Also the low and high-cut filters detent at 60 Hz and 10 kHz respectively

I ran a series of source material through the unit from various CDs. My first impression with the sound of the unit is that it was very musical. The bypass control bypasses the filters but is still prefader and in the digital domain. I found selecting frequency and bandwidth very similar to a traditional analog EQ however the bandwidth was a bit more subtle and took careful listening to narrow in on the width. The first filter and last filter set contain a low and high shelf setting via a recessed button. Using the filters, the unit quickly let me dial up subtle changes in the sourced material.

The control of the bandwidth is where you really appreciate the quality of this unit, as it let me hone in on the strumming of a particular guitar part that competed with a vocal. Switching to live use in my portable PA rig, the unit let me pinpoint and dial out problematic frequencies, raising the gain appreciably.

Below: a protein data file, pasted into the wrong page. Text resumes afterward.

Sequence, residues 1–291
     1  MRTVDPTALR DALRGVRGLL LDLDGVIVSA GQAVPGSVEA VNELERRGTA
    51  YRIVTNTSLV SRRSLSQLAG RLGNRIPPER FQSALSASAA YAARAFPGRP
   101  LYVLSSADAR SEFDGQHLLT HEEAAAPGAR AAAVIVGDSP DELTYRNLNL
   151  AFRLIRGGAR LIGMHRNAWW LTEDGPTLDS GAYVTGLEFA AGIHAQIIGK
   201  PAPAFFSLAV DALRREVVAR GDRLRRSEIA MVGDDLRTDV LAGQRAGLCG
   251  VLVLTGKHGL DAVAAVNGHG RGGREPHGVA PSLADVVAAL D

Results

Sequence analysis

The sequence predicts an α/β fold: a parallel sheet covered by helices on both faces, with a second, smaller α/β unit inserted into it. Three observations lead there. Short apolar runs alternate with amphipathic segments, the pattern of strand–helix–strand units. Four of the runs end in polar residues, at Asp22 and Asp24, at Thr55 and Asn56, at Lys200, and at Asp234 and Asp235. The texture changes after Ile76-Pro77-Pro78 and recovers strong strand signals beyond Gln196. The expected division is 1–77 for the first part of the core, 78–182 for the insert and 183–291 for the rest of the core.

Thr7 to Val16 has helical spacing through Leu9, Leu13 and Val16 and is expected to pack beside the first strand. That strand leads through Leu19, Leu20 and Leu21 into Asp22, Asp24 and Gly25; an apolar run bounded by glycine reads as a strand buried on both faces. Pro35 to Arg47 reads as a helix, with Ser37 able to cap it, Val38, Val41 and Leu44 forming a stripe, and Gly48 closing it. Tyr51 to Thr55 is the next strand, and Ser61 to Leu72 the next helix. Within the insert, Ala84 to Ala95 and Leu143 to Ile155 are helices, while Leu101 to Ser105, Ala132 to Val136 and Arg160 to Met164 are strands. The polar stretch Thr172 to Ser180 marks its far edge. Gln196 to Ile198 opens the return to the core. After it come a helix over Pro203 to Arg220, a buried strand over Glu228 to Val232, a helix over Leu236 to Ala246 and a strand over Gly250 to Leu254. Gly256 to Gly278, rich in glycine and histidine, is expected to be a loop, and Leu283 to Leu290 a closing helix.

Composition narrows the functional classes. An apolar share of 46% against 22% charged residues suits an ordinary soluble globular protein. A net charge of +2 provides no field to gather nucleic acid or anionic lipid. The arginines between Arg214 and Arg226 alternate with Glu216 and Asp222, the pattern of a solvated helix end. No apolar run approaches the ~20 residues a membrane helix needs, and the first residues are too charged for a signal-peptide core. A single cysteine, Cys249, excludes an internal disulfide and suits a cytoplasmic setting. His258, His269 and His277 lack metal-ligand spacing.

In the 10-band mode, I noticed that if you want to bypass the unit, you need to hit both bypass switches, engaging this mode does not allow the bypass to control all the filters. Also, in this mode, the A/B switches have no affect as you are using all the filter sets. Also, labeling the knobs for future recall could be a little tough with the minimal markings on the faceplate. Setting up two curves and selecting between them was smooth and without any pops or clicks as in some analog units. As far as the tone controls, they can really bare down on the sound, changing the sound dramatically.

SUMMARY

Overall I had a blast with this unit. It sounds great and puts extreme control in the hands of the user. So as with all EQs, novices beware. A good understanding of EQ basics is a good prerequisite if you don't want to end up destroying a mix or suck the gain out of a sound reinforcement system. It would have been nice to have digital I/O, especially with the advantages of staying in the digital realm and the wide use of digital I/O being used in many installations and studios.